is the leading cause of death in the US, and
plays a major role in the development of heart disease. Cholesterol can be controlled with
statin drugs, a common treatment for many people.
You may think of cholesterol as just a number, but using statins has other benefits to your cardiovascular system. Research has shown that statins may reduce the incidence of
stroke, and death in people without cardiovascular disease. In fact, statins have a primary role in cardiovascular disease prevention.
Like most medications, statins have a good and bad side. In most cases, the benefits outweigh the risks. Here is some information about statins that will make you think beyond your cholesterol number.
Statins have been used primarily to treat high cholesterol. High levels of low-density lipoproteins (LDL, the bad cholesterol) combined with low levels of high-density lipoproteins (HDL, the good cholesterol) can lead to a condition called
atherosclerosis. Atherolsclerosis is a hardening of the arteries due to a build up of plaque on the inner walls. It is a condition that can lead to a
Statin drugs, like atorvastatin, pravastatin, and simvastatin, work by inhibiting a liver enzyme that is involved in the production of cholesterol. They are most effective at lowering levels of LDL cholesterol and may also contribute to increasing levels of HDL cholesterol.
Statins have become a popular choice to treat cholesterol problems because they are effective and generally well-tolerated.
Researchers have investigated the potential health benefits of taking statins. There is evidence that statins may reduce the risk of:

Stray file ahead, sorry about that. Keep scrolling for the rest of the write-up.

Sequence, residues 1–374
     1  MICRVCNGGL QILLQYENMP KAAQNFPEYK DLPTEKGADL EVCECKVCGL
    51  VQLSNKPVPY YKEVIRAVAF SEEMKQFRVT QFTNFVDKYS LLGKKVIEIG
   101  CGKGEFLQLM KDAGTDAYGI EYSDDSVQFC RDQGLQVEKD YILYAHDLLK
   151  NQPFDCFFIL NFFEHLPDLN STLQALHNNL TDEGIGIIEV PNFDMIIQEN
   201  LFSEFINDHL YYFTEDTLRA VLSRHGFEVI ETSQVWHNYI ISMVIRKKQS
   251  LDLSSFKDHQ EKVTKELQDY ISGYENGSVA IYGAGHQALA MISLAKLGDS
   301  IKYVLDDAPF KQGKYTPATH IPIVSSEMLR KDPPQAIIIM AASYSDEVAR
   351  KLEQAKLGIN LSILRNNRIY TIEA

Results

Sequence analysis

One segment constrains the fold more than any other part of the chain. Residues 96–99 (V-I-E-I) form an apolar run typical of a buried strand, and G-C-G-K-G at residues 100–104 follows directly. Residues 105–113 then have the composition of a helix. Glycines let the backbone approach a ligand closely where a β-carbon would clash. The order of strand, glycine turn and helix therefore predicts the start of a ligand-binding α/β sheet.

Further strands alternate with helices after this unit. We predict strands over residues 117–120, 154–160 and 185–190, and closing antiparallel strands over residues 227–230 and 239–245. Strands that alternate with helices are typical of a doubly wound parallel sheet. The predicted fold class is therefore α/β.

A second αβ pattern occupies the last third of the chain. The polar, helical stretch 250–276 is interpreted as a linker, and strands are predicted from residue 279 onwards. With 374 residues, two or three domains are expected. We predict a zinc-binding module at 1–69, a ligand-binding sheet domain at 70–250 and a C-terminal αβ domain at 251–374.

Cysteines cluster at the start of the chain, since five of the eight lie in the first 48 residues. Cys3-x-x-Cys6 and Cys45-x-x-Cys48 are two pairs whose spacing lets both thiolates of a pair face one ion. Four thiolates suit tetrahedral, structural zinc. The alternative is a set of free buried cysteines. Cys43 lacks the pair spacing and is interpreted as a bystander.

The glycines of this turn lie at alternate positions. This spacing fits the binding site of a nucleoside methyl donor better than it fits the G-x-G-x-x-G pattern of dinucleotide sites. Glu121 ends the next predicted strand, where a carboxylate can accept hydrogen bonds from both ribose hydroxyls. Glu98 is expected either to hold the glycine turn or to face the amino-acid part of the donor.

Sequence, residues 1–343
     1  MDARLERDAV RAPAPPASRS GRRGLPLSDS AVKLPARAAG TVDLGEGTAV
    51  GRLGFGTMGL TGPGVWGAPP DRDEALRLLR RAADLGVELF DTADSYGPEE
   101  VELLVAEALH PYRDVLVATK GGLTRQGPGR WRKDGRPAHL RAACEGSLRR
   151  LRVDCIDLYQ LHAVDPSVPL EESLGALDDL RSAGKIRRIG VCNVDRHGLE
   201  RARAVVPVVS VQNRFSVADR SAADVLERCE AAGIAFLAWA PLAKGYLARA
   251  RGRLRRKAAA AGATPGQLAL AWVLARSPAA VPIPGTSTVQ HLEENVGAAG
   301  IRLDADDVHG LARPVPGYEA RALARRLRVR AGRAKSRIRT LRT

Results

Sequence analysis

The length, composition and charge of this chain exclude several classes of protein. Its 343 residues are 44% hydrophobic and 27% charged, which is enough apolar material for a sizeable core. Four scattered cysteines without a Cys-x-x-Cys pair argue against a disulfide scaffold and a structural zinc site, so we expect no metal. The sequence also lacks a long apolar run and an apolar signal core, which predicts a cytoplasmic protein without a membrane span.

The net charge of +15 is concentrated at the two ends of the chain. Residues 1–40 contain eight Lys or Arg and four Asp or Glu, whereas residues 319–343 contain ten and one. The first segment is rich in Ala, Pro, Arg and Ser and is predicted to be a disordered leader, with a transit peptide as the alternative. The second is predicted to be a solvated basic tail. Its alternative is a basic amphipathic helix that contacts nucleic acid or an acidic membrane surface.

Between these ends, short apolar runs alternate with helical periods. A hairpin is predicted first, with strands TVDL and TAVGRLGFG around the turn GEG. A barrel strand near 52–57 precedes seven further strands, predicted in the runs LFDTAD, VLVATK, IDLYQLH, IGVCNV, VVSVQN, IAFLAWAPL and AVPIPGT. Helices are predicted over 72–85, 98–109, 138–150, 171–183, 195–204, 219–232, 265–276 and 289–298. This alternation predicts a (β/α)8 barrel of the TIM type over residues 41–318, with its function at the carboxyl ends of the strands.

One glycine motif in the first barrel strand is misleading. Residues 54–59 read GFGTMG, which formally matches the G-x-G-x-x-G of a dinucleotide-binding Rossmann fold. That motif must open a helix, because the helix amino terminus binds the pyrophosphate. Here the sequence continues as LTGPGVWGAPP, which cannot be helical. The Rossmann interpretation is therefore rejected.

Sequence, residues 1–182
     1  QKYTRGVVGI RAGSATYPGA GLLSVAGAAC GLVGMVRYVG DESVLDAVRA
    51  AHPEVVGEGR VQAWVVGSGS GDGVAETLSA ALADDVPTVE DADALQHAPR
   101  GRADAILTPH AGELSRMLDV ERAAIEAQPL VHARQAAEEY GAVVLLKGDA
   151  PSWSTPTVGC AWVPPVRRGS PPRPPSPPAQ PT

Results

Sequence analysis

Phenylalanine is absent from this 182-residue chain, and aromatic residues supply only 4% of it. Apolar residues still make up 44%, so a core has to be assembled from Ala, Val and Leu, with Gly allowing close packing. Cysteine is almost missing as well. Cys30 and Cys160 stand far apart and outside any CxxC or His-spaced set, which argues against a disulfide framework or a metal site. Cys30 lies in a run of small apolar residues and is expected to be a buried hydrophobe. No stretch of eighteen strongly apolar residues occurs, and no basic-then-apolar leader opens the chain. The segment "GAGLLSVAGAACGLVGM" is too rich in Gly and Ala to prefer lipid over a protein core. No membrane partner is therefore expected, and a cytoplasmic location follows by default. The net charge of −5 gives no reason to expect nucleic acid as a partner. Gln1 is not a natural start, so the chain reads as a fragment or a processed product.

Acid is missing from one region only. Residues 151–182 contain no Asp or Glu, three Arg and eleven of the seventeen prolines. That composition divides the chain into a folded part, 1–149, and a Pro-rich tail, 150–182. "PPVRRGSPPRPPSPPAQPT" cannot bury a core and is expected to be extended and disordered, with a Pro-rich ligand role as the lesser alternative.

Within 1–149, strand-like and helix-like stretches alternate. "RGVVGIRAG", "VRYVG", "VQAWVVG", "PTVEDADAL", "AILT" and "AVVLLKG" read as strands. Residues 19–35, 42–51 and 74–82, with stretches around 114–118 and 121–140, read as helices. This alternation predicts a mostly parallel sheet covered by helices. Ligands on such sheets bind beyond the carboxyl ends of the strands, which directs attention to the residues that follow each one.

Statins may also help lower blood pressure.
If your doctor prescribes statins, some common side effects that you may have include:
Serious possible side effects include:
As with any medication there may also be a risk of an interaction with other medications.
If you have cholesterol problems, have coronary artery disease, or are at risk for coronary artery disease, your doctor will weight the benefits and risk of taking medications like statins. Be sure to discuss your medical history and any concerns that you may have about taking this kind of medicine. Keep in mind, too, that a healthy cardiovascular system depends on more than just taking statins. Your doctor will most likely recommend that you make lifestyle changes that include eating a healthier diet and exercising more.
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http://www.fda.gov/NewsEvents/Newsroom/PressAnnouncements/ucm293623.htm. Published February 28, 2012. Accessed March 26, 2015.
Last reviewed March 2015 by Michael Woods, MD
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